Gartner estimated in April that the installed base of Linux PCs will grow this year by 16% to 19.4 million worldwide. In contrast, the installed base of Windows desktops will grow more slowly but on a much bigger base: a projected 11.4% year over year to 1.05 billion PCs. Of that number, 311 million are Vista. Apple ( AAPL) is doing a little better: Macs with the Apple operating system will grow by 11.6% to 28.2 million.

While total installed OS-equipped PCs are expected to grow at 11.8% in 2009, Gartner sees Linux PCs growing by just 10% to 21.4 million, vs. 11.7% for Windows to 1.18 billion. Mac OSs are projected to grow by 17.1% next year to 33 million.

"We are starting to see a lot of interest from very sizeable customers" in the emerging markets of India and China for a viable alternative to Windows on the desktop, John Dunderdale, IBM vice president of sales for Lotus, said in an interview.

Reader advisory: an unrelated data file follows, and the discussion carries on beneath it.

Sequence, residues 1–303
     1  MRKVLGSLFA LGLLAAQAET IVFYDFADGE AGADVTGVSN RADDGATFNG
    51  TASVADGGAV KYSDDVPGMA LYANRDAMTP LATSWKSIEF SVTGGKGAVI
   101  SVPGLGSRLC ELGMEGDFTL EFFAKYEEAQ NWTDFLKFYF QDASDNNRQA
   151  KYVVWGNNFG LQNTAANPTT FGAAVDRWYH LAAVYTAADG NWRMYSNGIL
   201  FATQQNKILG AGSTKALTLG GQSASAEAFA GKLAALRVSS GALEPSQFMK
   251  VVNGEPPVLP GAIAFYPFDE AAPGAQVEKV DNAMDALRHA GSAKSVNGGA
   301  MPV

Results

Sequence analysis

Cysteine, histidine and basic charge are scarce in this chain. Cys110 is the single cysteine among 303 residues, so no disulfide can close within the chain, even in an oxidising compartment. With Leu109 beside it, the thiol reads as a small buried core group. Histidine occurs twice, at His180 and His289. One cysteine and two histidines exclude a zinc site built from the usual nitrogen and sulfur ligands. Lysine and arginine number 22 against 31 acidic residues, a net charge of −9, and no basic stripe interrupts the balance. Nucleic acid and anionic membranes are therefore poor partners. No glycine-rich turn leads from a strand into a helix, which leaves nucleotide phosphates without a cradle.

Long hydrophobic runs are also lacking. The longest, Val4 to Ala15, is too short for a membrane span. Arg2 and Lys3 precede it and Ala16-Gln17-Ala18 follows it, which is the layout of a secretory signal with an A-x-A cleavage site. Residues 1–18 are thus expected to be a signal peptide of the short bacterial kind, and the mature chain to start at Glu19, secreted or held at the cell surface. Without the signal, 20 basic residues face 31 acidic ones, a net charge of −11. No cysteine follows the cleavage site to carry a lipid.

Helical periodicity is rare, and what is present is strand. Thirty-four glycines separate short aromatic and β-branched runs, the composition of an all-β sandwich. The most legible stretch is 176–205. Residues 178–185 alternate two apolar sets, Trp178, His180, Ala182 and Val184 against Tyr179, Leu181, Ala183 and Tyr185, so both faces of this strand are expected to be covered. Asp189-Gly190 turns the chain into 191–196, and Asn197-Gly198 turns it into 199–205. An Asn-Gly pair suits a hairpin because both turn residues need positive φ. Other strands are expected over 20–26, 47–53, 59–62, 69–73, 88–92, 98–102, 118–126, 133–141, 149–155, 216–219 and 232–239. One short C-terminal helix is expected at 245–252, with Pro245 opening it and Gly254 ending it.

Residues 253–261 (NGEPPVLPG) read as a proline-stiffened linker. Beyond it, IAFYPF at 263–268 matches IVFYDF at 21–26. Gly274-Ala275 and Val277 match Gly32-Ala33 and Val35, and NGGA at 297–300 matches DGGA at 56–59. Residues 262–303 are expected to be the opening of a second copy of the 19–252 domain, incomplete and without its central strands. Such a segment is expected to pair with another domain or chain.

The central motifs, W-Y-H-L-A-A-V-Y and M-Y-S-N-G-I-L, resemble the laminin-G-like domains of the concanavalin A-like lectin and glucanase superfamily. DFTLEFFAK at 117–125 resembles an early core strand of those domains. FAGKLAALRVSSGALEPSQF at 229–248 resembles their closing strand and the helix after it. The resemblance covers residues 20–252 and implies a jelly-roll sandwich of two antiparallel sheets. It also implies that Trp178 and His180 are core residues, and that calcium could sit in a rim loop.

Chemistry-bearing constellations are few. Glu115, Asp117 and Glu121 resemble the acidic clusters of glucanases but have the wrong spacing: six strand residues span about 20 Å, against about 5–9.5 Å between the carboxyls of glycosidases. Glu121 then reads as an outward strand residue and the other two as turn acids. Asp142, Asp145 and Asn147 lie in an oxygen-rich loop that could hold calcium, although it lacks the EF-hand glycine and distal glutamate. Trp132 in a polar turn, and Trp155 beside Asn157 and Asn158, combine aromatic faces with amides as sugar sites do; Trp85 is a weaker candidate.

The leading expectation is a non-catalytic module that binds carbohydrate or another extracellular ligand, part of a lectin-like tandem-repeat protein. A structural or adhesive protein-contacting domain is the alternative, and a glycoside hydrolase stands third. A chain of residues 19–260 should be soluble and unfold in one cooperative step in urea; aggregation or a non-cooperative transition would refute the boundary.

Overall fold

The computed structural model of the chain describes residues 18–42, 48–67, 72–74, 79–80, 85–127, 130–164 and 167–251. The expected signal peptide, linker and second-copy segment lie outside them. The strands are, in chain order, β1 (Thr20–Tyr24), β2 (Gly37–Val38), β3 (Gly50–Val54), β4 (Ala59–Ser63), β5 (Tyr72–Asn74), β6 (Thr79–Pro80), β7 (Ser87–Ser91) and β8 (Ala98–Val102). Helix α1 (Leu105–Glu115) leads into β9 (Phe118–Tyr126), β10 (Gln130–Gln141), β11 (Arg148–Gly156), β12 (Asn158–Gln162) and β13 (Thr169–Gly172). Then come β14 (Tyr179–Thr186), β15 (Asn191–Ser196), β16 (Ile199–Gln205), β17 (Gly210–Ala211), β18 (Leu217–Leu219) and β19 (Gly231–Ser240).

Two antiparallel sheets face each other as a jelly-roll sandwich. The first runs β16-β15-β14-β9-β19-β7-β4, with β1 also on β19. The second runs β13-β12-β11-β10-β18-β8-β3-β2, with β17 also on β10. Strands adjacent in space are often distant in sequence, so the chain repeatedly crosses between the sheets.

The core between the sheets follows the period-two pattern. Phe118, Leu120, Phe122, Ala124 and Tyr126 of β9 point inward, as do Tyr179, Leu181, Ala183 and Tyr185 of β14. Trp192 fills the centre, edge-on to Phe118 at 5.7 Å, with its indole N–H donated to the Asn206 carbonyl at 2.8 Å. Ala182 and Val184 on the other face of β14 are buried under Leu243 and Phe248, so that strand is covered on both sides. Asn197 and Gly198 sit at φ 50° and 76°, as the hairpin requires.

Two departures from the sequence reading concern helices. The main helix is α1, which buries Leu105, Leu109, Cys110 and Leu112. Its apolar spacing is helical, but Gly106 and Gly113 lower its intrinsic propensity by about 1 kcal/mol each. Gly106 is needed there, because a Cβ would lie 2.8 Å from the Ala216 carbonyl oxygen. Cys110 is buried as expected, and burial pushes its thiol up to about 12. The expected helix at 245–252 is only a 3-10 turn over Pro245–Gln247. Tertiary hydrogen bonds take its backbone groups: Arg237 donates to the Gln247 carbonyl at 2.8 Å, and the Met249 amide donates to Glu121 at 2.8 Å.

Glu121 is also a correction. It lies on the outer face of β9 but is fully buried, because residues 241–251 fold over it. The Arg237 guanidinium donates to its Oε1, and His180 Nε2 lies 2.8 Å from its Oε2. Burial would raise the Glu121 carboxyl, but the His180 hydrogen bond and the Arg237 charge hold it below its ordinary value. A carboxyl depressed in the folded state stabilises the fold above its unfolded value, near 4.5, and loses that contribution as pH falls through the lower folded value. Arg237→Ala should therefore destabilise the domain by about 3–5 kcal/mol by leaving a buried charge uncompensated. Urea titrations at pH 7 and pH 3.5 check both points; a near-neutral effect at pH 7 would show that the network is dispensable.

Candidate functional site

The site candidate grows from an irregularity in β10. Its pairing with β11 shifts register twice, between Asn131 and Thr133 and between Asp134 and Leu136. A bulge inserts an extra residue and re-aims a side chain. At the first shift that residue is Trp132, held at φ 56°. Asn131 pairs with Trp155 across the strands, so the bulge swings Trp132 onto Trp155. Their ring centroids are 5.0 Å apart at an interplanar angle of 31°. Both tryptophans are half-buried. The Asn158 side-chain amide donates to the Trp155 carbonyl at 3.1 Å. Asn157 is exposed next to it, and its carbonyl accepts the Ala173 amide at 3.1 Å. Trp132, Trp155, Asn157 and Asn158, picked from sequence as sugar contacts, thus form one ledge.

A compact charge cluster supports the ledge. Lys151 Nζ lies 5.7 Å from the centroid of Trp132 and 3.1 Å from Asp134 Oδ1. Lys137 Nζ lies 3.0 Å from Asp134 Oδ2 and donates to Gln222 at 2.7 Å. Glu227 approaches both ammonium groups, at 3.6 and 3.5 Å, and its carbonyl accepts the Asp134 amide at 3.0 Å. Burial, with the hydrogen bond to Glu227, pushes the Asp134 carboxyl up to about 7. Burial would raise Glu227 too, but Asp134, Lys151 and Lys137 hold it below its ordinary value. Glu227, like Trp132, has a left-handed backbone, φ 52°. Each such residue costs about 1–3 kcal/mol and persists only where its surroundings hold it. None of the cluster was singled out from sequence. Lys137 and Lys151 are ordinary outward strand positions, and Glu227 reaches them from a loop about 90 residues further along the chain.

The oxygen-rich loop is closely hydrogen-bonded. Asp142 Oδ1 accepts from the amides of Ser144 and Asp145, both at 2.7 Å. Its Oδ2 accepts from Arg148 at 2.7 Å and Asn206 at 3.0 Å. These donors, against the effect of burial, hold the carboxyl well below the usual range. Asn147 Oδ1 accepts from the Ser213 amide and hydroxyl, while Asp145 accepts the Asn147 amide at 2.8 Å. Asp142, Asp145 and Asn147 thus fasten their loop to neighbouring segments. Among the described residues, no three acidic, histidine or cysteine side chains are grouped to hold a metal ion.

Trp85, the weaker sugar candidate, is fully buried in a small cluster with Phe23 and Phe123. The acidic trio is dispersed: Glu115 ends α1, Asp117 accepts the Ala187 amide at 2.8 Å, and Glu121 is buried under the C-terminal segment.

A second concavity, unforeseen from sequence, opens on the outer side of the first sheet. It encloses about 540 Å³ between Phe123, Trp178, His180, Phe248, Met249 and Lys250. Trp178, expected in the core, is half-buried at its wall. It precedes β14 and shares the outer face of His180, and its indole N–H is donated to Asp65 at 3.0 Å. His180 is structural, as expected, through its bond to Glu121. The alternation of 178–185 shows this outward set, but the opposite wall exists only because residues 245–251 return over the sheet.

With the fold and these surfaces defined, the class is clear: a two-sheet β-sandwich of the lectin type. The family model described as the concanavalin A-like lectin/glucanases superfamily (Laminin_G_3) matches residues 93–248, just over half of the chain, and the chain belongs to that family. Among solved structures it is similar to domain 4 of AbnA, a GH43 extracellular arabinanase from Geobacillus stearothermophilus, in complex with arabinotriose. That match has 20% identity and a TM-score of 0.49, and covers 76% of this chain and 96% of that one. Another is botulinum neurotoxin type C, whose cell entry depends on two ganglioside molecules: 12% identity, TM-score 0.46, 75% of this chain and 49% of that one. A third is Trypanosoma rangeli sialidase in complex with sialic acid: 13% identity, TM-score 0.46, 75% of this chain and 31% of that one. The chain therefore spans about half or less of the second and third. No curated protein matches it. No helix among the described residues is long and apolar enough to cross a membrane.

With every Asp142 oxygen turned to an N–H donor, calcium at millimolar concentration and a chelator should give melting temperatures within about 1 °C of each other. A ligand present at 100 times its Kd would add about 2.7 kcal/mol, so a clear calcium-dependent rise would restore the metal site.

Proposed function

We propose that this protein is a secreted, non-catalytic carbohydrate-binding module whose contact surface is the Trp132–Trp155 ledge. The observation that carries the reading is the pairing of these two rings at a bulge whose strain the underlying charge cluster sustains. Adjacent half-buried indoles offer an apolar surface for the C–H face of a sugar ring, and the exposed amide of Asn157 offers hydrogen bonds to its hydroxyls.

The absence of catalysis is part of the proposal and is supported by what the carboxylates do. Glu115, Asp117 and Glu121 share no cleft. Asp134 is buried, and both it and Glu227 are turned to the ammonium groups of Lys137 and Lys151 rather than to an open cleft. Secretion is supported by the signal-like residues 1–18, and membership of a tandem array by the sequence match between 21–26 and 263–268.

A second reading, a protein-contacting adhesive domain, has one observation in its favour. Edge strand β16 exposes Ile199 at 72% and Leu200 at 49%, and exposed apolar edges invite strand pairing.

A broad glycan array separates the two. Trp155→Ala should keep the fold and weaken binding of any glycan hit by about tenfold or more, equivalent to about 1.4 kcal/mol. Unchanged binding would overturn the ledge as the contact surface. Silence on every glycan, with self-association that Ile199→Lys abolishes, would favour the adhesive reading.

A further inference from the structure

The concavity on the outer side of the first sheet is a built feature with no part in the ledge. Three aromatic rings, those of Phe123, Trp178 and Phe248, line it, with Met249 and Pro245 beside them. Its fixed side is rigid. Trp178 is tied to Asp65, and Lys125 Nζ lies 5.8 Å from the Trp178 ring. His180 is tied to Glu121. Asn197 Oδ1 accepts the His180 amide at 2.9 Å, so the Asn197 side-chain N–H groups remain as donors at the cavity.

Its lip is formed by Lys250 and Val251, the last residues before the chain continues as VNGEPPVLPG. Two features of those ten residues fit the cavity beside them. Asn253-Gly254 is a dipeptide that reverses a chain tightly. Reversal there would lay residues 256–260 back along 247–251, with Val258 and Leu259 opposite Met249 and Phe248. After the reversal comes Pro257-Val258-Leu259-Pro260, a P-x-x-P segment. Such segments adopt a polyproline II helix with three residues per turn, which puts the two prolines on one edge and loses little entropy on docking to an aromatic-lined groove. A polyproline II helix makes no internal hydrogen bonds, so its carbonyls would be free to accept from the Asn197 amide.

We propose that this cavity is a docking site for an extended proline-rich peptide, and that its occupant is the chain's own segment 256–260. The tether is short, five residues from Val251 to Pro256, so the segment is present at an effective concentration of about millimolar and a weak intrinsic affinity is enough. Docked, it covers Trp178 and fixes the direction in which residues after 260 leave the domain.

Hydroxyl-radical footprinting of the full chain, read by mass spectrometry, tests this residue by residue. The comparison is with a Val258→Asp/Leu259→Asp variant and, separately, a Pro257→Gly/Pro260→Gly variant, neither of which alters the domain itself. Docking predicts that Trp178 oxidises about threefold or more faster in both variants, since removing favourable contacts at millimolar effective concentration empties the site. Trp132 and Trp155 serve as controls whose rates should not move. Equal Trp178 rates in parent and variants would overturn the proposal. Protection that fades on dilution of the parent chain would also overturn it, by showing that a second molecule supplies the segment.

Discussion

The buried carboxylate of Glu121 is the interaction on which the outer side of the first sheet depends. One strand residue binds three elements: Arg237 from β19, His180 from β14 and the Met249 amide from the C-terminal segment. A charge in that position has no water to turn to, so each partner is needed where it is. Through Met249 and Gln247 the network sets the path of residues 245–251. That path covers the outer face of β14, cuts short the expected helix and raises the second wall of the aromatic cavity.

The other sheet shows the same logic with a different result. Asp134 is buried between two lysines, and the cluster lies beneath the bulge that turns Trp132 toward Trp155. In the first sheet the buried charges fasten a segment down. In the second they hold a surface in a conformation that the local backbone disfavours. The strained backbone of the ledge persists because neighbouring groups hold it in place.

"We fore see a huge uptake in the mid-market to running Linux" based on the work IBM is doing with its partners, says Kuznetsova.

Among server operating systems, adoption of Linux by the mid-market, which includes small businesses, has lagged large business use because of the higher level of IT support Linux requires, Kuznetsova says. The perceived complexity and support needs have held back adoption, she adds.

IBM's answer is to do some of the integration work or provide its reseller partners with newly announced toolkits that make it easy for them to bundle and preconfigure Linux software and hardware.

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